As we prepare for harvest time, it's important to keep combine fire prevention as one of our priorities. Do you know the basics of fire, the different types of fire extinguishers, and best practices? Let's review.
Knowing the elements of fire will help you be proactive in preventing and extinguishing it. A common way of understanding these is the fire triangle.
To extinguish a fire, you need to neutralize one or more elements of the fire.
- Fuel: material that keeps the fire burning; on machinery, this may be dry chaff, leaves, etc.
- Ignition Source/Heat Sources: possibilities include exhaust, worn bearings, belts, etc.
The type of fire is determined by what the fuel source is.
- Type A: Common combustible solids, wood, crop residue, and debris
- Type B: Burning liquids and gases, such as fuel, grease, hydraulic fluid
- Type C: Electrical equipment
|ABC Extinguisher||Water Extinguisher|
|Fire Types||ABC||Only A|
|How does it work?||Works by blanketing the fuel to smother and remove the oxygen||Works by cooling the fuel below the temperature the fire can burn or reignite|
|How long will it last?||Lasts approx. 1 second per pound; i.e. a 10 pound extinguisher lasts 10 seconds||Lasts approx. 20 seconds per gallon; i.e. a 2.5 gallon extinguisher lasts 50 seconds|
|Horizontal Reach||5 to 20 feet||30 to 55 feet|
|Pros||Can be used for A, B, or C type fires||Horizontal reach allows for more distance and visibility, which is better for inexperienced operators|
Fire Extinguisher Maintenance
- It is best to have a professional fire extinguisher company inspect your fire extinguishers annually.
- Make sure they are U.L. (Underwriters Laboratory) approved.
- Having fire extinguishers fully charged is as important as having one.
- Recharge partially discharged extinguishers by a professional.
Best Practices for Fire Safety on Combines/Tractors
Training and preparation are key to being able to respond well in an emergency. It can be the difference between getting a fire put out quickly or the fire getting out your control. If you don't have experience using fire extinguishers, take the steps to learn because the discharge time for fire extinguishers is usually seconds. Many operators aren't prepared, leading them to use up precious time, discharge the contents too quickly, and be ineffective in putting the fire out. An easy way to remember what to do is the acronym PASS: Pull, Aim, Squeeze and Sweep.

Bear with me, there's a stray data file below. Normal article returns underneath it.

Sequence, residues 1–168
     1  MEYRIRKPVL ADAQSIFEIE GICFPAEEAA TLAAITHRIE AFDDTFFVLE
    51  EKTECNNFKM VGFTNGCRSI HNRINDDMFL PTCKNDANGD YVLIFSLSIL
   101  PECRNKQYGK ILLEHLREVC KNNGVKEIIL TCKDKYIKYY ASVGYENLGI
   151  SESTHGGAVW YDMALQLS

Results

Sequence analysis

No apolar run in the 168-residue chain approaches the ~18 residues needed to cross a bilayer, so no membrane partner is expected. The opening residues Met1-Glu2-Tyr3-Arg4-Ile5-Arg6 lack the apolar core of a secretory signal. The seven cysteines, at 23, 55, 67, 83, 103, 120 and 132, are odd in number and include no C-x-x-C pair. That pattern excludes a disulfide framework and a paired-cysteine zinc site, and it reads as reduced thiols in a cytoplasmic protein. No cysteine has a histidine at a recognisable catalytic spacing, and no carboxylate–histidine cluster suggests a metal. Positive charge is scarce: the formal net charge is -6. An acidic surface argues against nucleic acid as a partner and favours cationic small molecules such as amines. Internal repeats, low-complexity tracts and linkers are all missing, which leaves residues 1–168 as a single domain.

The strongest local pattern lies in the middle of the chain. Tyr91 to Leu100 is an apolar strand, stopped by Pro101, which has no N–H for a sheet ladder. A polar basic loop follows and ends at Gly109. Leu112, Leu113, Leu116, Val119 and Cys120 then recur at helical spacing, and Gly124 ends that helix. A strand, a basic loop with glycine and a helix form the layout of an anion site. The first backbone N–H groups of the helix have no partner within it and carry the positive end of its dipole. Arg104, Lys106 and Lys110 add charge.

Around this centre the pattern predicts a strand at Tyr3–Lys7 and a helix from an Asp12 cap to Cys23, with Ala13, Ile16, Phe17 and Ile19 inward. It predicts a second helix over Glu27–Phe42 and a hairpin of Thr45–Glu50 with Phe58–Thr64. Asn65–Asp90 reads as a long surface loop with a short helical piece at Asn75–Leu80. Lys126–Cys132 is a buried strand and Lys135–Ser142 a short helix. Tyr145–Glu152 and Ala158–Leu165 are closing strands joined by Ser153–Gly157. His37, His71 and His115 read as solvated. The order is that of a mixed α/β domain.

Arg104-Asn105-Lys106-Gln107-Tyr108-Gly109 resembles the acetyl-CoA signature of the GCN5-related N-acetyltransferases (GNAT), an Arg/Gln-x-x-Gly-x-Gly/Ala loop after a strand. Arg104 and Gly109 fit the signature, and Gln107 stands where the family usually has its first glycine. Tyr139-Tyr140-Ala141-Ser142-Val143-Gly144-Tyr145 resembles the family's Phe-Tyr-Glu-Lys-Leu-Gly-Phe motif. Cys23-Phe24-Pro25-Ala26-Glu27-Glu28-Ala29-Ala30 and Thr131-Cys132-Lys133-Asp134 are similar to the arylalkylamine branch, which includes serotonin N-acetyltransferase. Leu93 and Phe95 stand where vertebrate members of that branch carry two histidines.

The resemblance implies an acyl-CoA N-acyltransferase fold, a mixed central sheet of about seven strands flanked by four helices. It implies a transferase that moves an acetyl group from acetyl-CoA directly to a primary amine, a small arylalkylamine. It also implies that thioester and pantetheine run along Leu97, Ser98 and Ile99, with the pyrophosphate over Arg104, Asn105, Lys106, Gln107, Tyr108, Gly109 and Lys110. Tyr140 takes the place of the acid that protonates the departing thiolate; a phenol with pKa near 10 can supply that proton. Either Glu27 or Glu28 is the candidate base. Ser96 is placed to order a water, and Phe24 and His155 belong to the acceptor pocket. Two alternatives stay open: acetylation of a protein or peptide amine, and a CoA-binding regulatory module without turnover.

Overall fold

Maintenance and Cleaning
Maintenance and cleaning are incredibly important components of fire prevention, particularly the engine area. Maintenance helps minimize the likelihood of mechanical or electrical failure, and consistently cleaning off harvest debris and crop residue reduces the potential fuel for a fire. Towards the end of harvest, it's easy to succumb to fatigue and grow lax with our maintenance, but we must stay vigilant! Combine fires frequently occur towards the end harvest because of operator fatigue and reduced maintenance.
The basic recommendation is to have two 10 pound ABC fire extinguishers on the combine, one that is mounted and can be accessed at ground level and one in or near the cab. However, our personal recommendation is that for the ground level extinguisher, you use a 20 pound ABC extinguisher instead of the 10 pound. The 20 pound extinguisher is a little more expensive, but we feel it's worth it, considering the value of everything you are protecting.
Call 911 First
If a fire does break out, the first step is to to call 911 before anything else. You may want to act immediately and try to extinguish it, but getting the fire department dispatched as soon as possible is important. Fire is unpredictable, and even if it appears to be a small, manageable fire, you may not be able to extinguish it. In that situation, having the fire department present will help prevent the fire spreading further on your property or your neighbor's property.
Personal Safety Comes First
If you are driving and suspect a fire, pull away from the crops and shut down the engine before you inspect. Check for your cell phone or communication devise, grab the fire extinguisher, and get out. Call for help. Make sure you and all your employees understand that tractor and combine fires burn very hotly, and can be deadly; a machine can be replaced and is not worth a life.
Nobody ever thinks that they'll be the farmer who watches helplessly as their combine burns, they lose the crop, and the fire spreads to neighboring properties. But clearly, it happens. This fall, take the necessary preparations to mitigate combine fires and make sure everyone Gets Home Safe.